says granite and rhyolite are different (both plutons, one of supernatural origin
and one of natural origin respectively), but geologists know that they are the
same. As stated above, Gentry does not seem to understand that rhyolite is an
extrusive form of granite --by definition!
Number (8) deals with Eichelberger's interpretation of granite formation from
published articles and a private letter sent to me. Gentry complains that
Eichelberger did not respond to a letter Gentry sent asking if this is so.
Seemingly implying that I made this up.
"(9) Asks (C/E 22;JGE 10) why I chose the three-minute half-life of Po-218 as the
measure of time for creation when this has been explained numerous times in my
reports and in the early part of this book (pp.23-37)"
I see no mathematical calculations deriving this number in any page of his book.
Let's see some math! Also, on page 329 he quotes himself from his UT
presentation by saying "The view of the creation model, which I have proposed, is
that there were accelerated periods of radioactive decay." One of these periods
was Day 1. Thus Po would not have had a halflife of 3 minutes on day one. So
how could he use a 3 minute halflife for a creation time when he admits that such
a rate would be much faster?
"(10) Shows (C/E 29) a picture of a road cut and insinuates that the exposed
rocks could only have formed by evolutionary processes, even though the rocks
shown are all included in the creation model in this book (pp.133-134)"
Gentry does not mention here that the road cut in question he visited with Hans
Meyn, Walter Brown, and myself in November 1987. And that he was informed then,
as well as in my papers, that this road cut was of the Faraday Gabbro definitely
intruding the marble formation. The gabbro, in turn, was intruded by the Po halo
pegmatites just down the road at the Faraday Mine.
The crosscutting relationship and the contact metamorphic alteration from the
gabbro on the marble (an alteration of six feet or more was quite visible, as
shown to us all by Meyn) is evidence for intrusion. This has nothing to do with
the "evolutionary process". The marble is physically cut by the gabbro. But how
did that happen? Through describable natural processes or through a supernatural
event? I guess God created marble, with sedimentary features, to look like it
came from limestone just like other known marbles are from the Proterozoic.
"(11) Uses (C/E 22; JGE 8) the term 'metasedimentary,' 'metavolcanics,' and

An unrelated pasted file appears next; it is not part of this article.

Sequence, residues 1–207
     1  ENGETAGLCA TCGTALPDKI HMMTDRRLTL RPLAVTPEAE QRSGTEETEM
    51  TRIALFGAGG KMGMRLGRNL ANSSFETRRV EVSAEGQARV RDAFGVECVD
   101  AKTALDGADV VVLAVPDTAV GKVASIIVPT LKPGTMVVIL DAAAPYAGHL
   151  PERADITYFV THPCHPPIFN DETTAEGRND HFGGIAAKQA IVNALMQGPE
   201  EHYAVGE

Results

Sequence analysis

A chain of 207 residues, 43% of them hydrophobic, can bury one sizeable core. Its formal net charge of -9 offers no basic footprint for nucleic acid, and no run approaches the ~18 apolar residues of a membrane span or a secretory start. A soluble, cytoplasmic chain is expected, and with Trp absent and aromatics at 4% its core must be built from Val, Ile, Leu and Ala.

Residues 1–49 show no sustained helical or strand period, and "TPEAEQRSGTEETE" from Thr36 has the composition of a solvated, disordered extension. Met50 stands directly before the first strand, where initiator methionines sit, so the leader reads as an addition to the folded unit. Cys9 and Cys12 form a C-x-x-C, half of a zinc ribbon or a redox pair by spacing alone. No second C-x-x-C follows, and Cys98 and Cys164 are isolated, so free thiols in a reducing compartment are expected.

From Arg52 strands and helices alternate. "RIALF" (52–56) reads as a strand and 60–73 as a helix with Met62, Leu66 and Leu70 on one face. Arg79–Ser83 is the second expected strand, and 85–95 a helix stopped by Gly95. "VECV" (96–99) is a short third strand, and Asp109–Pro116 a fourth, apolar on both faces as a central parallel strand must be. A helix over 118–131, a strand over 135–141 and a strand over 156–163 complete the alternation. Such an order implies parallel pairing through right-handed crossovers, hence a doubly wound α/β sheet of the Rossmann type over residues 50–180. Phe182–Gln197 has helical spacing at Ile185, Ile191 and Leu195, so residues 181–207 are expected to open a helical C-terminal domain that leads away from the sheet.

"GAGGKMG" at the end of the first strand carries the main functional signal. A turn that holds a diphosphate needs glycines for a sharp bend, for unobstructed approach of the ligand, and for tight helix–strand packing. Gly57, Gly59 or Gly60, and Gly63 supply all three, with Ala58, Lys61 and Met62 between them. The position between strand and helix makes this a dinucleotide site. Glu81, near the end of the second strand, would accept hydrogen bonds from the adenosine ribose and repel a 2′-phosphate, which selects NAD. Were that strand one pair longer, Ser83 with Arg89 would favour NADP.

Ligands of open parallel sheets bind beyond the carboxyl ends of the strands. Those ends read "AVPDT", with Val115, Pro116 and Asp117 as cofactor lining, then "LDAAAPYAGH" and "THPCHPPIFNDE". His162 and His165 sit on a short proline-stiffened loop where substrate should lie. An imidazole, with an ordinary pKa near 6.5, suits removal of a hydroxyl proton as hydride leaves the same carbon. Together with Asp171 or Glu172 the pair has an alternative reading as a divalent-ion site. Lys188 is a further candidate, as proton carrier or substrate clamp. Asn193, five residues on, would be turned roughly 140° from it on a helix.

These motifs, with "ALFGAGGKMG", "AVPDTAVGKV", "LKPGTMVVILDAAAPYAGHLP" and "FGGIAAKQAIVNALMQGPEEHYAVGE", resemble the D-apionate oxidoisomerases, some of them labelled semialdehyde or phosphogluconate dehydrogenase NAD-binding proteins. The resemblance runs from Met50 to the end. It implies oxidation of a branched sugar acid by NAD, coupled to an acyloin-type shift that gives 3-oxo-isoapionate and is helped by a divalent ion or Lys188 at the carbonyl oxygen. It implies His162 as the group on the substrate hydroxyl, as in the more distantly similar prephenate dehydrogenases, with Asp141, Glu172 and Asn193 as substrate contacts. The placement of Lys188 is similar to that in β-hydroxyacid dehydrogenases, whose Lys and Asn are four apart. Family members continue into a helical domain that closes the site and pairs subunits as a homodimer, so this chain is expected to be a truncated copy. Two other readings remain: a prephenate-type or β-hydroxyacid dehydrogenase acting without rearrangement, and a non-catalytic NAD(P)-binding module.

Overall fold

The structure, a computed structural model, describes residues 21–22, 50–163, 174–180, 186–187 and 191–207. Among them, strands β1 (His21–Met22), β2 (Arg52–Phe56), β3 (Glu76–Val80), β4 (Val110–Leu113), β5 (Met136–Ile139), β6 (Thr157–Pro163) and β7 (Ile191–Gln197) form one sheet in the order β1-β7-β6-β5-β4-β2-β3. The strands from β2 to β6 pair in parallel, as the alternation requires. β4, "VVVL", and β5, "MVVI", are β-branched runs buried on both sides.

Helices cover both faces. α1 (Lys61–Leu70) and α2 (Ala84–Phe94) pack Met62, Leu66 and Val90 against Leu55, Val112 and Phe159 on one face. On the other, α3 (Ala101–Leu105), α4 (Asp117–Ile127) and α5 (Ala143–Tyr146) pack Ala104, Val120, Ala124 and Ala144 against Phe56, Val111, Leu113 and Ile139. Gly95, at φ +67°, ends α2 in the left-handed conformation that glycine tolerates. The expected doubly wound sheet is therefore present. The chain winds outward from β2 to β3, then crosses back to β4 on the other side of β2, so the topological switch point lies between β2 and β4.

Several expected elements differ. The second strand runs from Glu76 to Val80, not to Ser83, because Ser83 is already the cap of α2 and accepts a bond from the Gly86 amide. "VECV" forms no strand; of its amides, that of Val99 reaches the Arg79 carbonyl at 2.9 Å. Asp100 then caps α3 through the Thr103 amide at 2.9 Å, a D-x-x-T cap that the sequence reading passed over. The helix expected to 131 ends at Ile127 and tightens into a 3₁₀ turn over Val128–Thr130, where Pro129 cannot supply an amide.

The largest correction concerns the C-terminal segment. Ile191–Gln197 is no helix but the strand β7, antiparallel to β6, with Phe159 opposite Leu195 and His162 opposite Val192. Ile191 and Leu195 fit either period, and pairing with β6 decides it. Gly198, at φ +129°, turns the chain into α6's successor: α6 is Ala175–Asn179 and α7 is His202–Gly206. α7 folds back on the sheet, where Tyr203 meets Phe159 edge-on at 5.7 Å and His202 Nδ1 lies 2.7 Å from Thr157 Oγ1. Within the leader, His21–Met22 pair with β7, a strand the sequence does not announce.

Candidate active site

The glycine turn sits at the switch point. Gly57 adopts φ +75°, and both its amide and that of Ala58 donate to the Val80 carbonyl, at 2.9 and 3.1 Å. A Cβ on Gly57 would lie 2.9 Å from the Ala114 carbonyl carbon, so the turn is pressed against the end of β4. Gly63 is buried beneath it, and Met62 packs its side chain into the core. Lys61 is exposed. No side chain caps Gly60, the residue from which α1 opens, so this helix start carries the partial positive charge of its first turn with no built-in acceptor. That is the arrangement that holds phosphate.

'metamorphosed intrusive gneiss complex' in an evolutionary context; this is a
futile attempt to deny a creation origin of Canadian Precambrian rocks. In a
further effort to deny creation he insinuates these rocks contain fossils, first
by parenthetically mentioning (C/E 22) 'fossil soil' --a true red herring for
which he provides no supporting evidence-- and then by citing (C/E 27; JGE 11) a
'personal communication' from an evolutionist to imply that 'stromatolites'
(fossil algae mats) exist on certain rocks near Bancroft. Wakefield knows of a
report which questions their authenticity [H.J. Hofmann, 'Precambrian Fossils,
Pseudofossils, and Problematica in Canada' Geological Survey of Canada, Bulletin
189, 30-34 (1971)], but does not mention it. And when discussing my visit to
Bancroft in late 1987, he finally is forced to admit (C/E 28) that his
'stromatolites' do not contain any organic matter that authentic stromatolites
Ah! We finally reach the meaty part of his arguments against me. The
metasedimentary and metavolcanic rocks of the Grenville are NOT used in an
evolutionary sense. It is a fact that the low- to medium-grade metamorphic
sedimentary rocks here contain in many places (especially in the areas south of
Bancroft) definite sedimentary features like bedding planes, cobbles, and clasts
(see Hewitt, 1968, pp.3,8-12,28,36; Laakso, 1968, pp.8,10-12,17; Shaw and Hewitt,
1962, pp.5-9,32-37,38; Wolff, 1982, pp.11-28; Moore and Morton, 1986, pp.27-30,
35-39; Easton, 1986, p.141; Bartlett and Moore, 1983; Bartlett, Moore, and
Murrary, 1982 for some examples). The metavolcanic rocks show structures like
algomerates, pillow lavas, pyroclastics, and even bombs (see same list of
references). With any luck all of you will get a chance to see this when I make
my video sometime this fall or next spring.
As for the fossils stromatolites. Note how Gentry makes them appear that they
are my, and only my, invention. I was not aware of that publication at the time
I submitted my paper. That's too bad because I would have indeed included it.
Let me quote this so-called skeptic of stromatolites.
"In 1931 Osborne reported on some structures from the Grenville at L'Amable near